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Old Sturbridge Village prepares for Memorial Day weekend full of family-friendly events

Old Sturbridge Village prepares for Memorial Day weekend full of family-friendly events
Reminder Publications submitted photo
STURBRIDGE -- The sheep at Old Sturbridge Village (OSV) will get their annual "haircuts" during Memorial Day Weekend May 29-31 as the village celebrates wool days." Farmers will shear the sheep, and OSV historians in costume will demonstrate the entire wool textile process, from scouring and carding the wool to spinning, knitting and weaving the handspun wool yarn. Visitors can try hand carding (brushing and de-tangling) the wool, and then learn how the Village's historic water-powered carding mill does the same job much faster.
The sheep at Old Sturbridge Village will get their annual "haircuts" during Memorial Day Weekend May 29-31 as the village celebrates Wool Days.

Visitors can also meet the 14 new lambs born at OSV this season, as well as two piglets, a new calf and new team of baby oxen, who are in training to learn their names and the 40 voice and hand commands they will need to understand to help the farmers with heavy work around the farm.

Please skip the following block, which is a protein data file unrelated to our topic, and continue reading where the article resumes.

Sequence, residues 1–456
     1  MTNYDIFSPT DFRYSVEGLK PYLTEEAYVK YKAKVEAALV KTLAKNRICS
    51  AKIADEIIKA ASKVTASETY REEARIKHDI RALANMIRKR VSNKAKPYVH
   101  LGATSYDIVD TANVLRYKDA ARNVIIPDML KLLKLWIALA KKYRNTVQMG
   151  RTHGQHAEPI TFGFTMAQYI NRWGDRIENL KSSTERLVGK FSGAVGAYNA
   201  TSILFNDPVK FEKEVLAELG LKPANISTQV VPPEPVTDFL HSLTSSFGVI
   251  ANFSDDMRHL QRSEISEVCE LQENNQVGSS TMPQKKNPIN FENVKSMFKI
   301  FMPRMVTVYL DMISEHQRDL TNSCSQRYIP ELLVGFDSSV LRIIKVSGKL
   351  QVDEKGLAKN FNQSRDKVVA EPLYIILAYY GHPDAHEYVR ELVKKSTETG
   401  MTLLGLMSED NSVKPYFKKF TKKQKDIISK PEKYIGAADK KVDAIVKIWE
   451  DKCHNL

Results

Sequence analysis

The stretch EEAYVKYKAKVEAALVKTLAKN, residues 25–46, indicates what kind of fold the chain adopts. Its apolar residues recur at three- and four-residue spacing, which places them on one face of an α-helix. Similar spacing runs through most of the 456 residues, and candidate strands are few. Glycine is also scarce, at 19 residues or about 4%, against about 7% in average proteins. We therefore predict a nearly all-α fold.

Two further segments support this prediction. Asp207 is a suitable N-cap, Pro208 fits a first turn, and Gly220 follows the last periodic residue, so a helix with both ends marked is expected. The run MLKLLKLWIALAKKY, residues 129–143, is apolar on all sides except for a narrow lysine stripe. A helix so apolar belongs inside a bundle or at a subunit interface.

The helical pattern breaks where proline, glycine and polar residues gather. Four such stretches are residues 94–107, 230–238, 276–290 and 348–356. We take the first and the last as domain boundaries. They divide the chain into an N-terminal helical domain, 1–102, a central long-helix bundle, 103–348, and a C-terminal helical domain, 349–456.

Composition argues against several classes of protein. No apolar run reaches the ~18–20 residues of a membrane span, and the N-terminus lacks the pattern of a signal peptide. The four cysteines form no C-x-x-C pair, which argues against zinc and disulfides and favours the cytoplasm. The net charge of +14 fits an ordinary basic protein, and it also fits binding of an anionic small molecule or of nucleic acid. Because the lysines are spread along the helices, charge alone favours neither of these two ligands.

In keeping with the wool days theme, visitors can also make a "wooly sheep" ornament using wool from the OSV sheep. Also highlighting the weekend is the return of the Old Sturbridge Village stagecoach and boat ride on the Quinebaug River, and old-fashioned base-ball games. For all times and details: 1-800-SEE-1830; www.osv.org.
When sheared, the OSV sheep each produce about five pounds of wool. They are a heritage breed descended from sheep brought by Spaniards to the U.S. Gulf coast in the 1500s and closely resemble the 19th century sheep breed commonly found on New England farms in the 1830s. Their fleece is soft, and the lanolin in the wool is great for the hands. In fact, shearing is one of the few tasks in the farmer's year which will actually improve the condition of his hands.
Sometimes sheep farmers in the early 1800s had to deal with the care of lambs rejected by their mothers. The alternative was to feed milk to the lamb by hand unless a foster mother could be found. A lamb raised by hand is called a "cosset lamb," and probably Mary's little lamb from the famous poem "whose fleece was white a snow." was tame because it was being raised by hand.
Old Sturbridge Village celebrates New England life in the 1830s and is one of the largest living history museums in the country. The museum is open daily 9:30 a.m. 5:00 p.m. seven days a week. OSV offers free parking and a free return visit within 10 days. Admission: $20; seniors $18; children 3-17, $7; children under 3, free. For information: www.osv.org or call 1-800-733-1830.


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